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It is possible you have terminal ileal disease. Even if in remmision, the damage caused by earlier flares can render this part of the gut poor at absorbing biles salts which, along with absorbing fat soluble vitamins, is its major function. If the salts are not absorbed, they enter the large intestine. They are highly irritating to the large intestine which then procedes to propel the salts and all other material more quickly through the large intestine. This does not give the large intestine enough time to reabsorb the water in the material. This leads to loose motions and the big D.

If this is the case, it can be treated by the use of a powder that binds the bile salts. It is very effective.

Your doctor may require some imaging of your ileal region, to confirm find signs of the damage, before starting you on the drug.

As an aside, the failure to reabsorb bile salts increases your risk of gallstones, as the reabsorbed salts are used to break down the material that forms stones. If in the future, you suffer pain in the stomach [top centre of the abdomen, that radiates to the back/shoulder it may be due to stone formation].

Kindest thoughts

Seán

PS. While from what you say it seems highly unlikely - as a rule - if you are suffering from alternating bowel habits [particularlly if their is blood/mucus in the stool], and loss of weight - gut cancer must be ruled out.

Last edited by SMSIRL; 10-16-2011 at 09:58 PM. Reason: Adding usual caution on alternating bowel habits
10-16-2011, 10:02 PM   #9
David
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Hi Sean,

Welcome to the forum
As an aside, the failure to reabsorb bile salts increases your risk of gallstones, as the reabsorbed salts are used to break down the material that forms stones. If in the future, you suffer pain in the stomach [top centre of the abdomen, that radiates to the back/shoulder it may be due to stone formation].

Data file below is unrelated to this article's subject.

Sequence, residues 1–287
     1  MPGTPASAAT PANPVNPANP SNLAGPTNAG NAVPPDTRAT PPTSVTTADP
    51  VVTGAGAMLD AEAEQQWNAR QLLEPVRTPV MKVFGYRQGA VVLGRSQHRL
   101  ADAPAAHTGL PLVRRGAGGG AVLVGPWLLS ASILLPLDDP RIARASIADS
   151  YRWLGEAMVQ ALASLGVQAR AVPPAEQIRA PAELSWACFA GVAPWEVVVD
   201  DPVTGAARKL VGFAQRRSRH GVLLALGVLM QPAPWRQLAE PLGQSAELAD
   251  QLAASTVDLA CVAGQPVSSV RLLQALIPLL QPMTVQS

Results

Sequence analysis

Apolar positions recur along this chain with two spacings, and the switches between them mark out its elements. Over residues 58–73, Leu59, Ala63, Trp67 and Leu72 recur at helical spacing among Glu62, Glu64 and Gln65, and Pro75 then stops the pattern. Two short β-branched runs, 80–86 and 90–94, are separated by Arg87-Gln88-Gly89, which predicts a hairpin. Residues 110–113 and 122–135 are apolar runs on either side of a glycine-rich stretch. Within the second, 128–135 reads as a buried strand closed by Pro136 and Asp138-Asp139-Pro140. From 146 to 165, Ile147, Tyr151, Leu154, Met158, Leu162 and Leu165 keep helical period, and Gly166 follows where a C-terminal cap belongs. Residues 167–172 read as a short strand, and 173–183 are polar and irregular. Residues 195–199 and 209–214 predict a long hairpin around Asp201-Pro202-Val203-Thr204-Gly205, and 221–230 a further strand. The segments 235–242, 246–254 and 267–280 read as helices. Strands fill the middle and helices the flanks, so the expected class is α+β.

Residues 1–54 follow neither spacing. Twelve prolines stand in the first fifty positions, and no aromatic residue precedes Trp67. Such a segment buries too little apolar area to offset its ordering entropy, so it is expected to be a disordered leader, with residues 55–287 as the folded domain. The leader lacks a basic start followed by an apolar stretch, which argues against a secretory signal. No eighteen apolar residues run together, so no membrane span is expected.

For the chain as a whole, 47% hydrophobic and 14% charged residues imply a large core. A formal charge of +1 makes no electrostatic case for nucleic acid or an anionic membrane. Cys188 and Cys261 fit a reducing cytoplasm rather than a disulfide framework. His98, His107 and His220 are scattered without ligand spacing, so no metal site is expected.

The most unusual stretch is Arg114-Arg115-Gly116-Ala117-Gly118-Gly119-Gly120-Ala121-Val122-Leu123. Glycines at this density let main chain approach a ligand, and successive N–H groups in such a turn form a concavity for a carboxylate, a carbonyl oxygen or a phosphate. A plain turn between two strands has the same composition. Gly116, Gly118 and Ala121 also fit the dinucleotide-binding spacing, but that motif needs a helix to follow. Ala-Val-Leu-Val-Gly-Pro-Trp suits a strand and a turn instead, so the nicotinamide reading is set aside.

Fascinating! Do you by chance have a source for this where I can read up on it? I'd love to learn more
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10-17-2011, 10:16 PM   #10
SMSIRL
 
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Hi David
Student texts such as Avunduk's Manual of Gastroenterology will touch upon this.

The issue is a little more complex as, while this mechanism is the conventional explaination of an increase in cholesterol stones, the chances of all types of stones increases with terminal illeal disease. [cf. GI/Liver Secrets, Questions you will be asked... by Peter R.McNally]. Furthermore, some groups such as Hutchinson et al [cf. Gut. 1994 Jan] have challenged the conventional theory, and Lapidus et al in Am J Gastroenterol. 1999 May;94(5):1261-6. challenges the expectation of what sorts of stone would be formed.

Given the individual who asked the question on the thread, the conventional wisdom, and the benefits of early resolution of stones, it seemed appropriate to bring to their attention the conventional wisdom. However as you will see, for those interested in detail, the issue is more complex.

If I have time over the next few days, I'll go through the "lit" to find the current state of play.

These caveats, however, do not apply to the issue of bile salt malabsorbtion leading to colonic irritation and D, which is a well attested syndrome with a clear and effective treatment - colestyramine resin.

Kindest regards

Seán

Last edited by SMSIRL; 10-17-2011 at 11:09 PM.